Kella wrote... I agree with shadowchild, going with the flow usually works. You have to already have an idea of what you want to write about, and then you just let it come. If it won't, then leave it for a bit and come back to it with a fresh mind later. Read over it a few times and get yourself immersed in whatever it is you are writing about, then see if you can keep going.
Shadowchild wrote... have a day where you just sit down and type. You'll be surprised how much you'll do.
Have some backround music, it creats a bit off atmostphere and creates a distraction if you get bored. take breaks where you do something ellses such as watch a little bit of tv
Kendra wrote...i agree with shadowchild too. id like too add three things to that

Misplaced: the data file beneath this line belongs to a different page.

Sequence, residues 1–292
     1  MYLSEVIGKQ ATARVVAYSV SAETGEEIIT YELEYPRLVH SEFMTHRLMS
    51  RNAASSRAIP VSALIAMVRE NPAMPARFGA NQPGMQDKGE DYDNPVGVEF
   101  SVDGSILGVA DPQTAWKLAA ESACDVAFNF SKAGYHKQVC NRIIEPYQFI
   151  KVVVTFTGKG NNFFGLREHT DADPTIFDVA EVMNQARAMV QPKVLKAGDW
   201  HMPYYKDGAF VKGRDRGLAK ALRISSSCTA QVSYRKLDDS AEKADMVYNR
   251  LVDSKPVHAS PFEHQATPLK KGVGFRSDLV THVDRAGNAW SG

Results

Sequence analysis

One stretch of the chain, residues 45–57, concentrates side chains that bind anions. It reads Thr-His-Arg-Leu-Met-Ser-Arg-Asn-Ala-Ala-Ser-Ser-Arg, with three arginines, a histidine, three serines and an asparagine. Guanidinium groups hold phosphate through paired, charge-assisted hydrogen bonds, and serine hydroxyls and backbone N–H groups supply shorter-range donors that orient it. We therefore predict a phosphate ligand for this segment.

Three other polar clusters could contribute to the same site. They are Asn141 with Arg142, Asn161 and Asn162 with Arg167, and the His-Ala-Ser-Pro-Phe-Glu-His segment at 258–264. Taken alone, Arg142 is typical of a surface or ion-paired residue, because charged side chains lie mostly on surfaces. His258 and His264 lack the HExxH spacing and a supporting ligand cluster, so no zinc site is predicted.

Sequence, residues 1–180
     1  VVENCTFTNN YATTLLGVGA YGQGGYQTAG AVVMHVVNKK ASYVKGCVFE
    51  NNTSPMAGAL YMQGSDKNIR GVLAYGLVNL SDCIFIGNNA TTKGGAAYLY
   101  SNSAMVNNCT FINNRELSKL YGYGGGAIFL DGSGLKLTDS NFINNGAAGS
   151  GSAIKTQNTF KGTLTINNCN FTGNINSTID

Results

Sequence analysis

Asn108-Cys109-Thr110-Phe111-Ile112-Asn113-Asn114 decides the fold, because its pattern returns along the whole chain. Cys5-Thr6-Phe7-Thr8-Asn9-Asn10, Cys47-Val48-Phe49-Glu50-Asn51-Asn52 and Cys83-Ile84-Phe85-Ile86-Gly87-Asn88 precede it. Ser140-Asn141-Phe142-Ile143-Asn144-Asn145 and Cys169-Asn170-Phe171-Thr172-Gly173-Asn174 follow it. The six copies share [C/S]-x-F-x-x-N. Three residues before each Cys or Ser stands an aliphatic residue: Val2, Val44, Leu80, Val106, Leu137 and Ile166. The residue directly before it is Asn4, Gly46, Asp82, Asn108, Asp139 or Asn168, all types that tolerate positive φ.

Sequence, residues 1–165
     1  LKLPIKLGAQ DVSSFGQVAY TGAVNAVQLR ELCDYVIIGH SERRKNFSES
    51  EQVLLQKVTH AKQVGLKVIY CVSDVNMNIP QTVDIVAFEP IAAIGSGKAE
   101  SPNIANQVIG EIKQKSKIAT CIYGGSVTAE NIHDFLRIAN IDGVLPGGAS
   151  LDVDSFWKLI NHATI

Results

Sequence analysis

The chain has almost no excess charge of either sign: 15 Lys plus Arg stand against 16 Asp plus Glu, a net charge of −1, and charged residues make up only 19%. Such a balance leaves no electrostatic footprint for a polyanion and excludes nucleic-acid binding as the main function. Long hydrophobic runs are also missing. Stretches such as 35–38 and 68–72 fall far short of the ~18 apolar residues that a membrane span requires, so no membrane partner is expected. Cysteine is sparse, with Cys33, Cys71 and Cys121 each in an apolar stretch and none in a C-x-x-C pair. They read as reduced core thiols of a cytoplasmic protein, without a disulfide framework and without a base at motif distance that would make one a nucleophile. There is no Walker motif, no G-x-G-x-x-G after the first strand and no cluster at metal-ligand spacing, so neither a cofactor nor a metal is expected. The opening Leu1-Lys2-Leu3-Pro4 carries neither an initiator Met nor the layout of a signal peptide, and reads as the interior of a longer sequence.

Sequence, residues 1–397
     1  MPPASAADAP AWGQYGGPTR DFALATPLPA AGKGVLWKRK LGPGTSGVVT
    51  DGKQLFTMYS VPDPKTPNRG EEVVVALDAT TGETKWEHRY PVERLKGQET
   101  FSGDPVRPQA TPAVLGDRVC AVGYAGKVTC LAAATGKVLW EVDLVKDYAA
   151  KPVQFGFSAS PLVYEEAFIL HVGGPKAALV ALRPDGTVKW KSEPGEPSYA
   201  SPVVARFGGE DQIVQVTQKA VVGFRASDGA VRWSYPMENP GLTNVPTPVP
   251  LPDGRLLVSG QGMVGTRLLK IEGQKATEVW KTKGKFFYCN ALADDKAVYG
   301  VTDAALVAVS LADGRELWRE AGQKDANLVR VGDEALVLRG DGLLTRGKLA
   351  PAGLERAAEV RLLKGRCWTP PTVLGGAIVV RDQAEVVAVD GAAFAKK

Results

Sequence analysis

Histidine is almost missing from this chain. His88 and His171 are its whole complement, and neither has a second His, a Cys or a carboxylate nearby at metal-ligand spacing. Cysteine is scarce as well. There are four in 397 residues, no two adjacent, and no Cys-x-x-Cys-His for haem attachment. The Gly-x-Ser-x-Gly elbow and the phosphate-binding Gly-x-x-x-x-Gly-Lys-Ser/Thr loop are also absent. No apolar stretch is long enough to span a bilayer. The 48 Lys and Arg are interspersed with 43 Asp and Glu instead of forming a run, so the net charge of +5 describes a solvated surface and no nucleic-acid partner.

1. dont read. its really hard not to, i know but its easier to become emerged in the world ur making up than to have to deal with two.
2. an author whose sort of connected to my family (distantly, he's my mums cousin) once told me u should never edit before ur finished. only read back through the last paragraph or so before you continue writing and try to finish it, then read back through and edit. it means u can get rid of all confusions at once. otherwise it can get over edited and sometimes even more confusing. (mind you, i often forget to do this)
3. try to stimulate ur imagination with movies and music and television. books might interfere with ur writing, but movies for some reason, tend to just make me write more. i dont know why, thats just how it is for me, but everyones different, so whatever gets u in the mood to write!!
Shadowchild wrote... try to write out a plot.